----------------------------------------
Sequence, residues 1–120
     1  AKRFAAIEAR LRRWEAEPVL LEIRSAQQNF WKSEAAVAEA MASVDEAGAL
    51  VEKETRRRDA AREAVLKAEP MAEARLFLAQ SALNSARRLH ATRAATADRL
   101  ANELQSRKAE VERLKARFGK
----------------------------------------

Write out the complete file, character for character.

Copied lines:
Sequence, residues 1–120
     1  AKRFAAIEAR LRRWEAEPVL LEIRSAQQNF WKSEAAVAEA MASVDEAGAL
    51  VEKETRRRDA AREAVLKAEP MAEARLFLAQ SALNSARRLH ATRAATADRL
   101  ANELQSRKAE VERLKARFGK